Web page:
REVIEW | Simon Amstell’s CARNAGE

Available on  BBC iPlayer as of 9pm on the 19th March, a 70 minute long movie about the absurdity of consuming animal products might not be the first thing you’d expect from the BBC. Despite it being past my bed-time and very much too late to get stuck into such a film, I found myself unable to resist clicking the “play” button. The sheer excitement of finding a programme with the sentence “In a vegan future, we must atone for our carnivorous past” written underneath the blood spattered face of Simon Amstell as the first suggested title on BBC iPlayer’s homepage was just too much.

I spent the next hour and ten minutes sending my boyfriend a constant stream of quotes from the film – the fact that he was watching it at the same time and therefore didn’t require a running commentary of every word being spoken was not something I bothered to consider, I was too excited.

Amstell paints a picture of a world, 50 years into the future (2067), where the atrocities of animal slaughter are impossible to even comprehend for the younger generation who have never known such awful things to take place. The older generation are faced with the guilt of the actions of their past (why did they ever think forcibly impregnating a cow & subsequently slaughtering her baby so they could steal the mothers milk was okay?!). The “mockumentary” seeks to alleviate the shame of the former “carnists”, by teaching the younger generation that it wasn’t their grandparents fault – the slaughter of innocent beings was seen as “normal” and even encouraged by mainstream media campaigns; they simply didn’t know any better.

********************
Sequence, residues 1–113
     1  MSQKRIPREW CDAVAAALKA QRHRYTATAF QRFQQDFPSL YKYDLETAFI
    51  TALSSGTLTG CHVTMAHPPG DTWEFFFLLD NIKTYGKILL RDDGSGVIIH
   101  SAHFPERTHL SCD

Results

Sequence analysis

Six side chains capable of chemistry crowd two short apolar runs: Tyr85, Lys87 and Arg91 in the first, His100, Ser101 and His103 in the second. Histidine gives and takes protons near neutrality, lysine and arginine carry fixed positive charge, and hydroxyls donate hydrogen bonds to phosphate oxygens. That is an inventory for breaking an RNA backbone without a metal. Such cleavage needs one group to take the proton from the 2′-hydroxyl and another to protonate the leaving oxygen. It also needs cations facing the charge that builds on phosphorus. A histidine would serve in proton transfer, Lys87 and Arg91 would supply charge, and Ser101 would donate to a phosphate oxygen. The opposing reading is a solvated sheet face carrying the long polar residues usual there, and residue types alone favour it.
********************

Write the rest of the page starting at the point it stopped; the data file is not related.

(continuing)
Featuring real footage from recent history & present day, we look on in horror as videos of burger eating competitions are spliced with slaughterhouse footage, as Nigella tells us how much “respect” and “love” she has for a chicken whilst she pushes down on it’s carcass and enthuses about the crunching snap of it’s spine.

The film is outstanding in it’s ability to simultaneously highlight the absurd nature of consuming animal products in a society that claims to “love” animals and in a world that’s facing the very real threats of climate change, whilst not coming across as aggressive or accusatory to your average meat and dairy consumer who might find themselves watching it. It is both hilarious and upsetting, educational yet silly, it pokes fun at vegan stereotypes whilst also defending them.

Carnists and vegans alike can take a lot from this film. It illustrates that in a world where veganism can often be viewed as somewhat “elite” or “exclusive” we can begin to break down barriers with education and humour. Whilst in many contexts vegans are still viewed as weird and/or annoying, this comedy gifts you the joy of conjuring up a future where all of our individual efforts worked to create a better, more compassionate and peaceful world for all.

Oh, to live in a world where we look back on 1944’s defining historical moment as the conception of the Vegan Society. Seeing the movement for a more compassionate world grow, with vegan ideals becoming more & more accepted (as proven by films such as this being given a platform on the BBC) gives us a sliver of hope that such a utopian future might not be such a crazy idea.

Hindsight is a wonderful thing – in 50 years time, how will we look back on our treatment of animals and our treatment of the planet?

I would love to leave you with some thought provoking quotes from the film, but for fear that if I start I will end up quoting the entire script, there is nothing left but to encourage you – whether you think vegans are just plain bizarre or you wholeheartedly support them – to watch this captivating comedy. Click here to watch it on BBC iPlayer now.

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